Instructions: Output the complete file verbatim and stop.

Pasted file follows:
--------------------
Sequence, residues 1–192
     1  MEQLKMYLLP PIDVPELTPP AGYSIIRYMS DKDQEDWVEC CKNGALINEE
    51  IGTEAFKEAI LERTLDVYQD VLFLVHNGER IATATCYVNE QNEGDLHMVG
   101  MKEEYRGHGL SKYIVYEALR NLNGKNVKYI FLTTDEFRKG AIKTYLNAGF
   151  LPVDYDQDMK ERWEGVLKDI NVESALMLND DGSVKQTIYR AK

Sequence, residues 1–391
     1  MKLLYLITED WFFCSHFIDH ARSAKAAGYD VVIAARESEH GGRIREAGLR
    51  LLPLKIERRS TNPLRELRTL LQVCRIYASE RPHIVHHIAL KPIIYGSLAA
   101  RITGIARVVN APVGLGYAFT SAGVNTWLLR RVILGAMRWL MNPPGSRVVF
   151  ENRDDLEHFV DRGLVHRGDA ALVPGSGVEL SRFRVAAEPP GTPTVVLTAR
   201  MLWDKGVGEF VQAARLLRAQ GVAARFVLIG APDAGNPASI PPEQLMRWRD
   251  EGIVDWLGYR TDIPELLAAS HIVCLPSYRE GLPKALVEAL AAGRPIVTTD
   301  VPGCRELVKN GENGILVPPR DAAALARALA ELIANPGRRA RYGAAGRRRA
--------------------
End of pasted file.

Sequence, residues 1–192
     1  MEQLKMYLLP PIDVPELTPP AGYSIIRYMS DKDQEDWVEC CKNGALINEE
    51  IGTEAFKEAI LERTLDVYQD VLFLVHNGER IATATCYVNE QNEGDLHMVG
   101  MKEEYRGHGL SKYIVYEALR NLNGKNVKYI FLTTDEFRKG AIKTYLNAGF
   151  LPVDYDQDMK ERWEGVLKDI NVESALMLND DGSVKQTIYR AK

Sequence, residues 1–391
     1  MKLLYLITED WFFCSHFIDH ARSAKAAGYD VVIAARESEH GGRIREAGLR
    51  LLPLKIERRS TNPLRELRTL LQVCRIYASE RPHIVHHIAL KPIIYGSLAA
   101  RITGIARVVN APVGLGYAFT SAGVNTWLLR RVILGAMRWL MNPPGSRVVF
   151  ENRDDLEHFV DRGLVHRGDA ALVPGSGVEL SRFRVAAEPP GTPTVVLTAR
   201  MLWDKGVGEF VQAARLLRAQ GVAARFVLIG APDAGNPASI PPEQLMRWRD
   251  EGIVDWLGYR TDIPELLAAS HIVCLPSYRE GLPKALVEAL AAGRPIVTTD
   301  VPGCRELVKN GENGILVPPR DAAALARALA ELIANPGRRA RYGAAGRRRA